While it's safe to assume that Shay and Mira weren't caught up in *that* ... I can still here you cry: 'that's wonderful, but where the hell are they?! Just bring them on stage already!'

 

Patience. :) Unfortunately, you may not be seeing them *quite* as soon as you'd like, though it will be soon. It's also going to be quite a ride when you do.

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On 11/28/2013 02:36 AM, Stephen said:
Two new children of the aqumi? That's a surprise, and a welcome one. Wait until

they meet Mr. Charm. I'm so happy he's still as crotchety as ever. He does smoldering

fury so well...

 

It's got to be a great disappointment that people on Earth haven't changed at all.

Poor Konstantin! May he find Shay and Mira soon.

 

Meanwhile Yugan is dreaming in color, -that boy is special.

Their existence was alluded to in the epilogue of Hidden Sunlight, literally at the very end of it. These are indeed the same two from that final part of the first book. Just like Mira was, they are very new to the whole 'being human' thing, so their upcoming encounter with good old Mr. Charm so early in their lives will be quite a shock to the system.

 

Konstantin was expecting Earth to be less than perfect, knowing all too well the sorts of human folly Lucere had, but he never quite expected anything like this.

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On 11/29/2013 02:03 AM, Daddydavek said:
With the multiple story lines, I cannot begin to anticipate where you will take us next!
Uh, thanks .. I think? Haha, that's a rather ambiguous review!
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On 11/28/2013 09:22 AM, ajthibodeaux said:
OK the multiple story lines are fascinating and I can't wait to see how you bring it all together but pretty please give like a teeny tiny hint about Shay and Mira. I mean dropping a bomb on the city what next?
A teeny tiny hint? Well, you here's a hint: wherever they are and whomever has them, has not got their best interests at heart!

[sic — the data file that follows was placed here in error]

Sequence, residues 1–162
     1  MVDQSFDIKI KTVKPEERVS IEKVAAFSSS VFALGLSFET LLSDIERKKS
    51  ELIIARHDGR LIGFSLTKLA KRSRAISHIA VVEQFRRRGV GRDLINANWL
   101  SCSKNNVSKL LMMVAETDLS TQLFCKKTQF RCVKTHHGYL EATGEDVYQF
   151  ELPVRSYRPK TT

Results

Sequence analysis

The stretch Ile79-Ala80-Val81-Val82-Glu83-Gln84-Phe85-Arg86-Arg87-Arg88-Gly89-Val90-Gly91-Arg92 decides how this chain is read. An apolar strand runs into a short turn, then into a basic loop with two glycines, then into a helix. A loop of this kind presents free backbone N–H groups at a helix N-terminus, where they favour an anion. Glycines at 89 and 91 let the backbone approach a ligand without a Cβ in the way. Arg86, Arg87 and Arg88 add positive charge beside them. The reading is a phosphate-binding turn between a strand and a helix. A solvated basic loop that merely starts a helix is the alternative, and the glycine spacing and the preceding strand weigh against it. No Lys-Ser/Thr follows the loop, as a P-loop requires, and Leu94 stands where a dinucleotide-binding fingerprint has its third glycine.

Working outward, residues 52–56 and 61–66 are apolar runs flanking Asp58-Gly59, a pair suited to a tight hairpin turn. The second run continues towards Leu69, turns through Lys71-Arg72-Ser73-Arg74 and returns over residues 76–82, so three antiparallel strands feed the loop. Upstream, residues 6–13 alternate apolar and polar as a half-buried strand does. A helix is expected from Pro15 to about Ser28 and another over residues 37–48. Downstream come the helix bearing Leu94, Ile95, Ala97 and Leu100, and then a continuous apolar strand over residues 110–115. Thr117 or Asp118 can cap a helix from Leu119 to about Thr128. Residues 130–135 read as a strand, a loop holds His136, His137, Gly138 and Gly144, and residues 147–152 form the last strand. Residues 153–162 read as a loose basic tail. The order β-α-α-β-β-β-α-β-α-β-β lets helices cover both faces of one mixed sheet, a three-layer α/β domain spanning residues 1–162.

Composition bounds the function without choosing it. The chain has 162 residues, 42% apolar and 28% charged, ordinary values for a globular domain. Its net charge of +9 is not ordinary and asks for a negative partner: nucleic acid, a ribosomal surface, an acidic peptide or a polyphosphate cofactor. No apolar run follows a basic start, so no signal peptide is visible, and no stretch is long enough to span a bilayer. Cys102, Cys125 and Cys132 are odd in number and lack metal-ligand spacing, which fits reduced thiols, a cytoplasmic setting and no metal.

I cannot prematurely reveal what's going on with those two because .. I simply can't! Trust me when I say that it will make sense this way. Some patience and faith is required - you will be rewarded I promise :)

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The four story lines hooked me; I anticipate their intersections. The illegal C-S expedition: ??? Earth: Fortunately Konstatin is tough and resilient. Damn. The dagenith of Otsin got me thinking about Earth societies with a strong oral tradition. Some of the chants and songs are formal rituals: questions are not expected; answers not forthcoming. Mikom's response goes well beyond that. Yugan dreams and then questions. She seems to feel the need to tread very carefully. Finally, back on Lucere, the arbiters remain important, and I hadn't paid them enough attention. More in the forum.

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On 12/02/2013 10:55 AM, knotme said:
The four story lines hooked me; I anticipate their intersections. The illegal C-S expedition: ??? Earth: Fortunately Konstatin is tough and resilient. Damn. The dagenith of Otsin got me thinking about Earth societies with a strong oral tradition. Some of the chants and songs are formal rituals: questions are not expected; answers not forthcoming. Mikom's response goes well beyond that. Yugan dreams and then questions. She seems to feel the need to tread very carefully. Finally, back on Lucere, the arbiters remain important, and I hadn't paid them enough attention. More in the forum.